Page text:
Ella Sims driving an inflatable boat at Riversdale Beach. PHOTO/SUPPLIED
National school ‘cream of the crop’
After six years patrolling Riversdale Beach, a Wairarapa lifeguard has been picked to attend a crash-course in some of the most difficult emergency situations she will ever face.
Riversdale Surf Lifesaving Club’s Ella Sims was one of 20 surf lifesavers picked from a group of 46 applicants to attend this season’s National Lifeguard School.
Sims will be based at New Plymouth’s Fitzroy Beach from December 7-9, learning about mass rescue situations, helicopter operations and running through other high-pressure scenarios.
She will also be taught how to work effectively with NZ Police, Fire and Emergency, and St John in technical rescues.
Should she pass the physical and mental challenges the school will throw at her, Sims will emerge with the Advanced Lifeguard Award, the highest lifeguarding qualification in the country.
The 19-year-old said gaining the award would give her the confidence to take on her new role at Riversdale as junior club captain.
“It’ll teach me how to deal with all situations and how to guide the other lifeguards through anything.
“My older brother also attended the school, and he told me it was an opportunity I could not miss.”
For Sims, one of the best parts of lifeguarding has been training the next generation of lifesavers.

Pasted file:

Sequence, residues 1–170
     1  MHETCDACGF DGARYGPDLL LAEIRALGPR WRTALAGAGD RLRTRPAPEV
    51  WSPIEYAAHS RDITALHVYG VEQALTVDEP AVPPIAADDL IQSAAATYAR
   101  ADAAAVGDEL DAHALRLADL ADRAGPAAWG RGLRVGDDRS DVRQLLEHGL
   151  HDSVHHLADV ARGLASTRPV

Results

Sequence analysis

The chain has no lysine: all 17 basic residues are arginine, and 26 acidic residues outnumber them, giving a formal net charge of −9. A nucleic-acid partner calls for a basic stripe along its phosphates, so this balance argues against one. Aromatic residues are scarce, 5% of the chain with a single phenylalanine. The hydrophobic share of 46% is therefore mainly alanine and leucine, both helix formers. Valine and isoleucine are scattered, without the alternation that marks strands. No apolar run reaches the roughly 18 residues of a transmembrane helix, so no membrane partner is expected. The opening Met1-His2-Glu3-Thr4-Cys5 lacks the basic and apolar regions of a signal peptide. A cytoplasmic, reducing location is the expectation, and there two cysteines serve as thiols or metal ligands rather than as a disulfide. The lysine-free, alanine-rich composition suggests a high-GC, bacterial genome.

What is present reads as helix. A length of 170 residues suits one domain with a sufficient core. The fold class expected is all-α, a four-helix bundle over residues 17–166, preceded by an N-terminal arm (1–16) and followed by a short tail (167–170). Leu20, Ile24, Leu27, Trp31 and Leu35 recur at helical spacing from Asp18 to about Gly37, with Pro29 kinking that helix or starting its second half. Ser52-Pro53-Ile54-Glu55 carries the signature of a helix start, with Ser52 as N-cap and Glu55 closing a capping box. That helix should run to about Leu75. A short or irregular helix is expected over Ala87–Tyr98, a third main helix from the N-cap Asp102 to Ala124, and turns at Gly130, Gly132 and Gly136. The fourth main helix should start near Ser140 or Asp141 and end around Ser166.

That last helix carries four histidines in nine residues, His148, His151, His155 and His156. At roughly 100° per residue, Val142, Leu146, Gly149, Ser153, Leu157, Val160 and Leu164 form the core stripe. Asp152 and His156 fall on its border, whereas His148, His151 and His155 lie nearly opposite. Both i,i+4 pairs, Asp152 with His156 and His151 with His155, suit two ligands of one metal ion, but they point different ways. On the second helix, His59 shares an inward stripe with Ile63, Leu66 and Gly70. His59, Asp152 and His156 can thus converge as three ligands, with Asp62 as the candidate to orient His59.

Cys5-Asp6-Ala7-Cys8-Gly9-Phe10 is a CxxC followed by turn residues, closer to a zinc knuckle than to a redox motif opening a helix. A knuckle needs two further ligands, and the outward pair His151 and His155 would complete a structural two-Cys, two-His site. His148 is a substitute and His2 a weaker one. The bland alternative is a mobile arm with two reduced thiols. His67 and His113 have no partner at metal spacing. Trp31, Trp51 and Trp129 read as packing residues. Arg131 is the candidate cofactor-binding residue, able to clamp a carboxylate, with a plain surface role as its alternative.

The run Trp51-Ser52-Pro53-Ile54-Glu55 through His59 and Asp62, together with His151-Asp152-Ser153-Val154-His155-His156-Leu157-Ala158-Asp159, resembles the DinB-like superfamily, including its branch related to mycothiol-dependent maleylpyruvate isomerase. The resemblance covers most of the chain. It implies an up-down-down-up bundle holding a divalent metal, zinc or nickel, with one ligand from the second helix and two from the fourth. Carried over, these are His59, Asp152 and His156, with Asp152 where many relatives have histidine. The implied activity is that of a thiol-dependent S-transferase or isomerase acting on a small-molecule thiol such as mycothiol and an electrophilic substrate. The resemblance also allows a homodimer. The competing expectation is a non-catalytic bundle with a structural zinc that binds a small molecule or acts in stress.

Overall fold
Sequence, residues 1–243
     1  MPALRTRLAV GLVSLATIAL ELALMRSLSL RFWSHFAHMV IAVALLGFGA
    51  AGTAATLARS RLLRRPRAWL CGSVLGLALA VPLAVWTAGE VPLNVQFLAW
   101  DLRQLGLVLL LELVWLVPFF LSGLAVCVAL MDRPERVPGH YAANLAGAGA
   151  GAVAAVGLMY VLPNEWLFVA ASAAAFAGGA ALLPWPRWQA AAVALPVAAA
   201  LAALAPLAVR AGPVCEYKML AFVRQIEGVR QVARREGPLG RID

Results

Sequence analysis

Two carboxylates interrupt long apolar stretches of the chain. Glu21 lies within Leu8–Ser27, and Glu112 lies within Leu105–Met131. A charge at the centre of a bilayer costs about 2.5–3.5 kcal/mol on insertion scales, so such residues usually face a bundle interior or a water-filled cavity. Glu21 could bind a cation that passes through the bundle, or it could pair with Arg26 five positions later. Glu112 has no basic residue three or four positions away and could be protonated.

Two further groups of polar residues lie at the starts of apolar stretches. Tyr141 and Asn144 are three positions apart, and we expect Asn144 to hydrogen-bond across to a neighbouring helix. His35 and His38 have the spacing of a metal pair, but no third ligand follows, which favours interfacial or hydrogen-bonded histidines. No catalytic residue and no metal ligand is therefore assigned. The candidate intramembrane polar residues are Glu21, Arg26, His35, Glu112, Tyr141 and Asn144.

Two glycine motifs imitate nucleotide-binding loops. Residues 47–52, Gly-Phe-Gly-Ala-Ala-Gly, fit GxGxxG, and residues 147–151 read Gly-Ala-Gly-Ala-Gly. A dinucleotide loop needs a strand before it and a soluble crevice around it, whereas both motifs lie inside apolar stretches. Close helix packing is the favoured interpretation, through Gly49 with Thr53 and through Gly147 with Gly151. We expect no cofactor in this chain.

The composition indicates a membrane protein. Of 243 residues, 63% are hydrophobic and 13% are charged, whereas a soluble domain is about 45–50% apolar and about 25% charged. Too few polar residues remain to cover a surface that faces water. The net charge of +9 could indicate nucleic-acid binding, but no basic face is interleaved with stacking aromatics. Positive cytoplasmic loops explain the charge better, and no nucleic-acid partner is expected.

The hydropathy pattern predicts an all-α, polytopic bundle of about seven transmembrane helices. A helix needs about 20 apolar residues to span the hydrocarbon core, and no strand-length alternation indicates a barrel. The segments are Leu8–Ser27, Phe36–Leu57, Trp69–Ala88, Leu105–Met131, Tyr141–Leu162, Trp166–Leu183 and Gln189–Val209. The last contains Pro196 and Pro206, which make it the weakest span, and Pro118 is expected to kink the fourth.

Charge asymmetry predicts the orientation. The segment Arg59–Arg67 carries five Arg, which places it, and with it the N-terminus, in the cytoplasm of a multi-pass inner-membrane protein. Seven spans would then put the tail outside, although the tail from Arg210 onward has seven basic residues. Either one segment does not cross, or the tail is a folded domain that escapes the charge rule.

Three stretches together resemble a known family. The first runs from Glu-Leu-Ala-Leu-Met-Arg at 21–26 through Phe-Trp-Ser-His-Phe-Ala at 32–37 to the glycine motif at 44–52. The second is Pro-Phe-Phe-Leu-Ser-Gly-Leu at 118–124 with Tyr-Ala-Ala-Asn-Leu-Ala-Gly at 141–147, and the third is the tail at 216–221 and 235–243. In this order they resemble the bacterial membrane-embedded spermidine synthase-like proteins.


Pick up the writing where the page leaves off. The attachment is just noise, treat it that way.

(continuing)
“I’ve been a Nipper coach for five years and head Nipper coach last year. That was probably my favourite part of lifeguarding.
“It was really rewarding helping and watching the kids become more confident and skilled in and out of the water.”
However, she’s had to let go the coaching this year because of her responsibilities as junior club captain, which will have her taking a senior role within the club.
She’ll be leading morning trainings, and meeting the club’s committee.
Despite the fact she’ll spend almost every day this summer patrolling the beach, Sims said it never gets boring.
“I really like being part of the club. Driving boats is fun and I just enjoy being out there on the beach.
“There’s not a lot else to do – when I have a day off I get bored.”
Surf Life Saving New Zealand national education manager Belinda Slement said that the lifeguards selected to attend the national school were the “cream of the crop”.
“They’re already out there saving lives on our beaches before they reach this school, but going to this level will ultimately make their local beaches a lot safer.”
Slement said the school’s instructors would be experts, able to guide the attendees through examples from actual rescues.
“This is the super-elite of our training, and remember that they’re all volunteers, which is just incredible.
“We are so thankful to have such a passionate group of people who dedicate their own time to helping others.”
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